Economic Study Details Pequots' Impact on State
A new study by the UConn's Center for Economic Analysis unveiled Tuesday by Gov. John G. Rowland and UConn officials credits the Mashantucket Pequot Tribal Nation with creating 41,000 jobs and adding $1.2 billion to Connecticut's economy. The study also found that state personal income and new tourism dollars increased because of the Tribal Nation's business enterprises.
"The economic impact of the Mashantucket Pequot Tribal Nation statewide has been enormous," said Gov. Rowland. "The diverse business operations and investments it has made in the state have benefited thousands of residents, generated new revenue and attracted thousands of new visitors to our state."
The Tribal Nation's business enterprises include Foxwoods Resort Casino, the Mashantucket Pequot Museum & Research Center, Pequot Pharmaceutical Nation, Fox Navigation, off-reservation hotels including Hilton Mystic, and a golf course.
Prior to the Tribal Nation's opening of Foxwoods Resort Casino in 1992, a diminishing defense industry and downsizing of general manufacturing had resulted in the loss of 10,000 jobs in southeastern Connecticut. The state Department of Labor reported in 1997 that this number could have reached 32,000 by 1998, if the economic downturn had continued.
Looking at the Connecticut economy through a computer-based model, the UConn Center for Economic Analysis studied the Tribal Nation's business activities: its employment, its procurement, its hotels, its pharmacy network, and its cultural institutions. Regional Economic Models Inc., an Amherst, Mass.-based firm with expertise in regional modeling and a leading supplier and developer of such models, developed the computer model, which is a sophisticated 53-sector replication of the state's economic structure and can project economic impacts out to the year 2035.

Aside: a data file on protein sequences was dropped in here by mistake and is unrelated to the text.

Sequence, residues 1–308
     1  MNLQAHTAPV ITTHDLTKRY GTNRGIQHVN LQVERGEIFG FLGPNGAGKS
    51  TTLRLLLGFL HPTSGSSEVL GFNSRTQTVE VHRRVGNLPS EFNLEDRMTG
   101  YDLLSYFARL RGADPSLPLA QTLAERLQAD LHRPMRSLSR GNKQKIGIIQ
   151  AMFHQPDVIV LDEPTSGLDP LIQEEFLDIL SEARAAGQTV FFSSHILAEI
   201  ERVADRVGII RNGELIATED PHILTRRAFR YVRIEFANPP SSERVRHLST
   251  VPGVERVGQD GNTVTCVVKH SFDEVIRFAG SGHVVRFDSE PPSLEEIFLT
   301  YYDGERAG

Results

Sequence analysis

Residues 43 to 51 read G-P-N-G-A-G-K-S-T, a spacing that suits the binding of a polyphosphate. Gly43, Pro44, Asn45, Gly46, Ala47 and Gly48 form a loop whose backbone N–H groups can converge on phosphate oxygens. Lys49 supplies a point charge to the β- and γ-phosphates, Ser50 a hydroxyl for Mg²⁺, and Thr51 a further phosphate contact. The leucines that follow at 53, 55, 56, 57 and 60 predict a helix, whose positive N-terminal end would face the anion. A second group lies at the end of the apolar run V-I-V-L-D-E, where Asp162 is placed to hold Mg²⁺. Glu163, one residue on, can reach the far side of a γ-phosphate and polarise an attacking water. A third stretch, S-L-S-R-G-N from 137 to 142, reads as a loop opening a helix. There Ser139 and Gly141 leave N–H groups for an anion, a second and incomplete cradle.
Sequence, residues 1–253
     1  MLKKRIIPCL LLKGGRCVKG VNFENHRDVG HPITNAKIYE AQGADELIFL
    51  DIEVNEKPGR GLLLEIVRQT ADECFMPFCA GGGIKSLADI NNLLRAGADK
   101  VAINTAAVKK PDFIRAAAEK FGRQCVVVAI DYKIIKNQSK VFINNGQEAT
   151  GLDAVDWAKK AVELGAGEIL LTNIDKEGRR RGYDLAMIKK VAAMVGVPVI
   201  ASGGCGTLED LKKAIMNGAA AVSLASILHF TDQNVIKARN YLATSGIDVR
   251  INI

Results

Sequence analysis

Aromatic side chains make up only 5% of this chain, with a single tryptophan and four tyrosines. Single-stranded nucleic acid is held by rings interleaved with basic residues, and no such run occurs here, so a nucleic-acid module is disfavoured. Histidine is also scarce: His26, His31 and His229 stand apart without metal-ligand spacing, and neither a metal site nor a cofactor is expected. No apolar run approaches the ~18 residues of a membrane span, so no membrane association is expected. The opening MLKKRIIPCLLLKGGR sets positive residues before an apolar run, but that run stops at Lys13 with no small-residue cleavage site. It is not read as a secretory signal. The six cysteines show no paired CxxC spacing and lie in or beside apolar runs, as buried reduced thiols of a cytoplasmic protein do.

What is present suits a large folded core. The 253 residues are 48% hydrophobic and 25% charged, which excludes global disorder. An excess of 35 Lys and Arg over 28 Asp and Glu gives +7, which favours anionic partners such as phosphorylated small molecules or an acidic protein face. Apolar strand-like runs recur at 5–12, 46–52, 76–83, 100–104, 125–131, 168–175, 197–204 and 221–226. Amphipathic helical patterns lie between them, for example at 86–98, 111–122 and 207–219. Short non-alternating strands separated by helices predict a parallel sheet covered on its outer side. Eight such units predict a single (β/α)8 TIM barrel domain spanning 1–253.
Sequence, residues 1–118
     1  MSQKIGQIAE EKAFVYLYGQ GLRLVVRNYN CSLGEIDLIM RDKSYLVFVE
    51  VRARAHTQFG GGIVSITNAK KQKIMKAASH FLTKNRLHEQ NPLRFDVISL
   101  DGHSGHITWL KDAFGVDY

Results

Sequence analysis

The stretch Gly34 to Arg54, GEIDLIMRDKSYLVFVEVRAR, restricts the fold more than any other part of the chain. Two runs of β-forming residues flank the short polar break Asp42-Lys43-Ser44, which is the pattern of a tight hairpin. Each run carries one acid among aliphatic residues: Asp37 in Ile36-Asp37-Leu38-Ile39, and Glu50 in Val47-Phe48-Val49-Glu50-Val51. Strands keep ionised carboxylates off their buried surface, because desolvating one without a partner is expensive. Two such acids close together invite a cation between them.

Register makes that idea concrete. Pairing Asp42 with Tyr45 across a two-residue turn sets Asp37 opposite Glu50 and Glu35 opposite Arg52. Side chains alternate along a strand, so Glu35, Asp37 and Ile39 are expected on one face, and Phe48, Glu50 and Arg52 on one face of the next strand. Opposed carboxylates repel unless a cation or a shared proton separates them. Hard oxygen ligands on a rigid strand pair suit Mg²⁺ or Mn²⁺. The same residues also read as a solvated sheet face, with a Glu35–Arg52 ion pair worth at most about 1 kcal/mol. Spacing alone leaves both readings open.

"We used the REMI model to determine the direct, indirect and induced economic impacts of the Tribal Nation's operations on the economies of New London County and the state of Connecticut," said Fred Carstensen, professor and director of the Center for Economic Analysis. "The Tribal Nation's efforts created thousands of jobs in southeastern Connecticut at a time when the region was on the verge of economic crisis and has positively impacted the economy statewide."
After launching several ventures aimed toward economic development in the 1970s and 1980s, the Tribal Nation turned to gaming as a revenue producer in 1986 and opened a successful high-stakes bingo hall. The creation of Foxwoods Resort Casino followed shortly thereafter.
Foxwoods Resort Casino alone hosts an average of nearly 41,000 people per day. Seventy-three percent of these customers live out-of-state, thus their spending is net new revenue to the southeastern Connecticut region and the state. In addition, consumer surveys show that other regional tourist attractions benefit from Foxwoods patrons, including Mystic Aquarium and Mystic Seaport.
In addition to its business operations, the Tribal Nation has started a successful welfare-to-work program called Work ETC (Education, Transportation and Childcare), that has hired 150 former welfare recipients.
The study also found that the Tribal Nation's operations have: